Spinal Muscular Atrophy (SMA)
Also known as: SMA, Werdnig-Hoffman Syndrome, Kugelberg-Welander Syndrome, infantile onset SMA, chronic SMA, mild SMA
What is spinal muscular atrophy?
Spinal muscular atrophy is a rare degenerative disorder in which the nerve cells in the upper and lower parts of the spinal cord don’t function normally, resulting in muscle wasting and weakness. There are 4 types of SMA (Types I, II, III, and IV) based on symptoms and age of onset.
What causes spinal muscular atrophy?
Spinal muscular atrophy is an autosomal recessive genetic disorder caused by an abnormal gene in each parent which is passed on to their baby.
What are the symptoms of spinal muscular atrophy?
Symptoms depend on the type of SMA.
Type I (Werdnig-Hoffman or infantile-onset SMA), the most severe type, may present at birth with generalized weakness, difficulty holding the head up, poor sucking or swallowing ability and poor breathing movements. Death may occur between 2-6 years of age.
Type II (juvenile or chronic SMA), presents around 6-18 months of age with generalized muscle weakness which may require braces/a walker or a wheelchair for ambulation. Children affected with Type II frequently live into their 20-30’s.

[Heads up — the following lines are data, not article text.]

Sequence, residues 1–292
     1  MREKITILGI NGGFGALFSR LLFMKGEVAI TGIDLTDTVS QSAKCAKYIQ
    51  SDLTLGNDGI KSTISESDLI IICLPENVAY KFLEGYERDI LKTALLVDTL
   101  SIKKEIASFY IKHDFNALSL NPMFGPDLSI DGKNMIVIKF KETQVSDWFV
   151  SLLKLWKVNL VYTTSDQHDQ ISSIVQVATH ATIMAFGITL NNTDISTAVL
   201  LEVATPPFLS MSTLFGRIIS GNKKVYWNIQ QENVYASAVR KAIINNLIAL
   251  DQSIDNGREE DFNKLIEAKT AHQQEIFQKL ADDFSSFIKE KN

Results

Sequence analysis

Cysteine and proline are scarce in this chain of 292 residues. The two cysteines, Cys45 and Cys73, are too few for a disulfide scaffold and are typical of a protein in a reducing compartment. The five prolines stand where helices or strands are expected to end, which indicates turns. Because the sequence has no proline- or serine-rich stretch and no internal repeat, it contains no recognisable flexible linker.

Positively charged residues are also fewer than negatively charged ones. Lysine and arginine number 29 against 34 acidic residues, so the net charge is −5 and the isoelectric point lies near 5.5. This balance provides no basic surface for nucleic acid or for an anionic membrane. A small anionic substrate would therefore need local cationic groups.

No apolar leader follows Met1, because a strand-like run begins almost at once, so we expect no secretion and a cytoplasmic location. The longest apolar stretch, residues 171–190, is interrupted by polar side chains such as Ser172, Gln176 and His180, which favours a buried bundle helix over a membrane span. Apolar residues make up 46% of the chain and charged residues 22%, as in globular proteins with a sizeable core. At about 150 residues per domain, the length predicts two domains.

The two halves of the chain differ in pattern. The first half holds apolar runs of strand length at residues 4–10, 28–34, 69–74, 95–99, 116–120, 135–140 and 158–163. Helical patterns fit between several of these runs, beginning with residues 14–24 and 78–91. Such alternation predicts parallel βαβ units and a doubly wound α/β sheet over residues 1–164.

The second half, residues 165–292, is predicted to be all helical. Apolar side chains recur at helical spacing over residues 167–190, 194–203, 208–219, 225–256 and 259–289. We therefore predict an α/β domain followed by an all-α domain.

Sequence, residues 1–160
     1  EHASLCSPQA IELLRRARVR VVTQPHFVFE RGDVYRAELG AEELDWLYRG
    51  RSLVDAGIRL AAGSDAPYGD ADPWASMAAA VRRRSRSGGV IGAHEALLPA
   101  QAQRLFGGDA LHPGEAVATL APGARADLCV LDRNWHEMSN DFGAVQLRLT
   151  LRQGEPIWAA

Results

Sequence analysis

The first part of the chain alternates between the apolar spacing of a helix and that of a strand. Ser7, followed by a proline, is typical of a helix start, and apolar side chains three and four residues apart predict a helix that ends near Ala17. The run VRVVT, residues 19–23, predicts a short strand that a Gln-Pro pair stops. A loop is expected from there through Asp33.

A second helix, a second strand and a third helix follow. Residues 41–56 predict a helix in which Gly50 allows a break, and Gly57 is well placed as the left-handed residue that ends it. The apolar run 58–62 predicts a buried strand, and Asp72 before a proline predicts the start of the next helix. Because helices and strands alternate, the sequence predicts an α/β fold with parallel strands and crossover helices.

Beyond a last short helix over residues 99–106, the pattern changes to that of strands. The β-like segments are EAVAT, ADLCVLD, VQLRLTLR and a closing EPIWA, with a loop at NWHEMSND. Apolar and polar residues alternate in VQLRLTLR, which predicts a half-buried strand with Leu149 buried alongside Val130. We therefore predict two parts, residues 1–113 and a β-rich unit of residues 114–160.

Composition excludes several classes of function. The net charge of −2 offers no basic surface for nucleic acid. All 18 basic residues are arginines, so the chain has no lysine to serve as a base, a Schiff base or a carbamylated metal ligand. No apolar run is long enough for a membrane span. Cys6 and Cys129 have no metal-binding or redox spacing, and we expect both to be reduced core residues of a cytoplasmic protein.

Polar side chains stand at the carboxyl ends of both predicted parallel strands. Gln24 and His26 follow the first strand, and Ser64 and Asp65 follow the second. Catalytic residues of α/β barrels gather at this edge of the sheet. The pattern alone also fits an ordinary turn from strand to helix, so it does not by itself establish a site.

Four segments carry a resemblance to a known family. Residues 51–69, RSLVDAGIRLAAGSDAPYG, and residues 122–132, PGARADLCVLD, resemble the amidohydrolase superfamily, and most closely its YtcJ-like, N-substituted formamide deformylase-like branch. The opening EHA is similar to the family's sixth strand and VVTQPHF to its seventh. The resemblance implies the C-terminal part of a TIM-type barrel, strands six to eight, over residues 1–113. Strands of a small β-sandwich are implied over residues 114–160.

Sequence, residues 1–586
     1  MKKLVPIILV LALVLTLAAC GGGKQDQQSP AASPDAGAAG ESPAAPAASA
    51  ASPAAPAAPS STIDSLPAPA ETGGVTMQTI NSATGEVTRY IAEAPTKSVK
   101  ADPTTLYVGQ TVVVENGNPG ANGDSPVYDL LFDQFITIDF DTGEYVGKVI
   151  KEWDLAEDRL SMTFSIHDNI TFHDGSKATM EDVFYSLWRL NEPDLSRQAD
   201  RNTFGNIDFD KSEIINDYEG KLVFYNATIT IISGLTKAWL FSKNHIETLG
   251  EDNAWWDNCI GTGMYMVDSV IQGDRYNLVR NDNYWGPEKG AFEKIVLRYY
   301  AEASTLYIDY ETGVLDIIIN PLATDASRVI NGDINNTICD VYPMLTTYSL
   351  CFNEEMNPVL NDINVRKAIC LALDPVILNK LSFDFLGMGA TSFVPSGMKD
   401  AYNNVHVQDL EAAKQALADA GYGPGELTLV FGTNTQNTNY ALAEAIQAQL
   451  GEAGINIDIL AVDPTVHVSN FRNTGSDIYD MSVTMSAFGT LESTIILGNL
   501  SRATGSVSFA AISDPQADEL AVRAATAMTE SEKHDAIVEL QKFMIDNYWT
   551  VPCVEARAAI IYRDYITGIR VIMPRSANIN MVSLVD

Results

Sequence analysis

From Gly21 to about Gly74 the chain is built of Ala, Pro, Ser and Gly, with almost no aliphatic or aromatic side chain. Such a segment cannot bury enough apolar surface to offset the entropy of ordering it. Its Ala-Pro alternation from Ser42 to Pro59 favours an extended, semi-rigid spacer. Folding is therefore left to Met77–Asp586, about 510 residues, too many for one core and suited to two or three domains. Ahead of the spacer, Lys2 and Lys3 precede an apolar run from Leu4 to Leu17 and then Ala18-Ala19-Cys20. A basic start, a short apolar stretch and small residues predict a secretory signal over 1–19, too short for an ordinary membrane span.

Type III (mild SMA or Kugelberg-Welander syndrome), usually affects children between the ages of 18 months to adolescence. Symptoms include difficulty walking, clumsiness, some muscle weakness and possible developmental delay. Children live well into adulthood.
Type IV presents in adulthood with walking difficulties.
What are spinal muscular atrophy care options?
While there is no treatment at present for SMA, early diagnosis, the prevention of lung problems (and its management when present), ensuring adequate nutrition and enhancing mobility opportunities with ongoing rehabilitation support may all be of potential benefit to the child.
Reviewed by: Jack Wolfsdorf, MD, FAAP
This page was last updated on: December 18, 2020 05:06 PM
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